CEH scientists have delivered an exciting new hydrological seasonal forecast demonstrator for the water sector in Europe.
The CALEDON computer game has been teaching people from secondary school age upwards valuable lessons in tree health.
Early findings of the impact of the Glastir land management scheme and long-term trends in the Welsh countryside were published.
CEH published results of a systematic review of the current evidence for tree cover as an effective flood mitigation measure in order to inform policy and planning decisions, and to identify knowledge gaps and areas for priority research.
A major EU-funded project, EKLIPSE, will provide policy makers with the information needed to make decisions on conserving biodiversity and ecosystem services and solve environmental problems across Europe.
Details were announced of a multi-agency research project to investigate deadly tick-borne diseases in Indian forest ecosystems.
The collaborative Landwise project will work with farmers, advisors, communities and local authorities across the West Thames area to learn how different land management methods impact on flood risk.
CEH is participating in the first national PhD training programme to tackle antimicrobial resistance.
The Hydro-JULES programme will develop a new generation of terrestrial hydrological models linked to, and in collaboration with, the Joint UK Land Environment Simulator (JULES) model.
An urgency grant was awarded to understand the ecological impact of a recent major forest fire near the Chernobyl nuclear power plant.
CEH is helping to promote environmental research excellence in support of evidence-based environmental policies in China. A blog post by Alan Jenkins summarised developments.
A UK-China research collaboration is aiming to tackle agricultural over-fertilization and connected soil health issues.
Hydrologists from CEH are collaborating with the World Meteorological Organization (WMO) on a pilot hydrological status and outlook system.
CEH co-organised a workshop to discuss the soil quality challenges in Malaysian and Indonesian oil palm plantations.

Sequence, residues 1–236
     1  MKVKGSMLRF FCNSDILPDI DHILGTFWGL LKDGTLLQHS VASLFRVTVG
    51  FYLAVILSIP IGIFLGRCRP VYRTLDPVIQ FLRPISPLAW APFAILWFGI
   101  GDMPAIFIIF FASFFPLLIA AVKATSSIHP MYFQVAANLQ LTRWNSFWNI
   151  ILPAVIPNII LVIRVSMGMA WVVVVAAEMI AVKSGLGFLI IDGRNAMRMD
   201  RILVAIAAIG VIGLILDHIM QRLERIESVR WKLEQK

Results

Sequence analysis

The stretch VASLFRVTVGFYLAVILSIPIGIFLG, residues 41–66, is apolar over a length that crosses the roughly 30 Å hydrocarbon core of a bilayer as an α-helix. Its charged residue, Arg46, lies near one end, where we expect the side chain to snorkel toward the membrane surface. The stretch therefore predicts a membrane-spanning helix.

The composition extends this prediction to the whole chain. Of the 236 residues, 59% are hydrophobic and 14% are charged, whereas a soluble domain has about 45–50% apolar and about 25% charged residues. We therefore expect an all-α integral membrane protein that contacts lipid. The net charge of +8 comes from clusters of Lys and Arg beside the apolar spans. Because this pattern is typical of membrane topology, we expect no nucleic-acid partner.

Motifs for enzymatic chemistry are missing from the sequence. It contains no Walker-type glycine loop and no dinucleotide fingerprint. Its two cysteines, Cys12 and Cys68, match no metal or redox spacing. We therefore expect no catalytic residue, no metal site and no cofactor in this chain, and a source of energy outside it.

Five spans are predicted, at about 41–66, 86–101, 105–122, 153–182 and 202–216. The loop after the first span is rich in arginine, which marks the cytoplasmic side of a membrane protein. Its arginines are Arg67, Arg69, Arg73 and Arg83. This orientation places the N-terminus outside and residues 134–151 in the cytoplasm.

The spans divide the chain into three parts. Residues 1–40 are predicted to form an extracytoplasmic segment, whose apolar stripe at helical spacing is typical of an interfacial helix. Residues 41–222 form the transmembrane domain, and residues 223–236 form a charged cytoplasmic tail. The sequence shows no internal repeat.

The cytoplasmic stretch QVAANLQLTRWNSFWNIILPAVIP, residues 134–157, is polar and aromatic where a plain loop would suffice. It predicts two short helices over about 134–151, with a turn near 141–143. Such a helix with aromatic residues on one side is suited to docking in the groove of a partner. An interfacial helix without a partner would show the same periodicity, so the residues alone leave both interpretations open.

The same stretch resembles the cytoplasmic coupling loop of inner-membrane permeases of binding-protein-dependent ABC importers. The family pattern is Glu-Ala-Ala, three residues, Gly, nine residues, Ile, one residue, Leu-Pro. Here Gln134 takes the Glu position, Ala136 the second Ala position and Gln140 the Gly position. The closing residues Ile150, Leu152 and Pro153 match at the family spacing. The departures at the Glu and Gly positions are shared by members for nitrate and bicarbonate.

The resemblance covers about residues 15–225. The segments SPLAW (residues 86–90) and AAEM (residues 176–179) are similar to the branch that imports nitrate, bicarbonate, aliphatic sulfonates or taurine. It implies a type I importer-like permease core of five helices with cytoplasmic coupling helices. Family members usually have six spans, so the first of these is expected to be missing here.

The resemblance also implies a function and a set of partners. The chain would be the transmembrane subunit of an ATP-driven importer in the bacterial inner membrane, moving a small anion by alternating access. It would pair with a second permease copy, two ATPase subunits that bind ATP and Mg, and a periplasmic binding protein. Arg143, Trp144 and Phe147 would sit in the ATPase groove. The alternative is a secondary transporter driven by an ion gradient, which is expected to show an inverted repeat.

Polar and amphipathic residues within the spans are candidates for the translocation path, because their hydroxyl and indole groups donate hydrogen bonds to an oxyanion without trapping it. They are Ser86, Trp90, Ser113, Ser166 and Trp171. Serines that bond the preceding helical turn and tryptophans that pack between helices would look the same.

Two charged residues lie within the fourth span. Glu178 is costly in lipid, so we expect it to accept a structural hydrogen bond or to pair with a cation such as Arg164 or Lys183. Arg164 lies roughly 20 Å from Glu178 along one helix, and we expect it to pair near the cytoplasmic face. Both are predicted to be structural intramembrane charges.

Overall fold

CEH will continue to represent the UK on UNESCO's International Hydrological Programme Intergovernmental Council.
Funding for the India-UK Water Security Centre was extended.
CEH further strengthened ties with partners in India by exchanging a memorandum of understanding with the Indian Institute of Technology Roorkee (ITT Roorkee).
Prof Mark Sutton, who will lead the International Nitrogen Management System, took part in an international conference exploring the challenges and opportunities for nitrogen research between scientists in the UK and India.
In terms of the blog posts that grabbed our readers' attention, your top reads for the year included the regular detailed looks at the country's hydrological status. In spring, we examined the unseasonably dry April. In summer, we wondered whatever happened to the 'drought', and in winter, we looked at the water resources prospects for the months ahead.
Also highly read was a post that crunched the numbers behind a year of iRecording, complete with a neat data visualisation of where in the UK your biological observations were being made.
Other top blog posts included:
- details of a study that showed that plants in the UK remove 1.4 million tonnes of air pollution, which save £1 billion in avoided health costs.
- a look at the statistics used in the neonicotinoid field trial
- a notable first, as the vendace fish was filmed for the first time in the wild in the UK
- a look at ladybirds' overwintering habitats and colour variations
We published many other news stories and blog posts throughout the year but can't possibly list everything. A big thank you to all our contributors and readers - why not look through our back catalogue of news stories and blog posts. You can also keep up to date by following us on Twitter.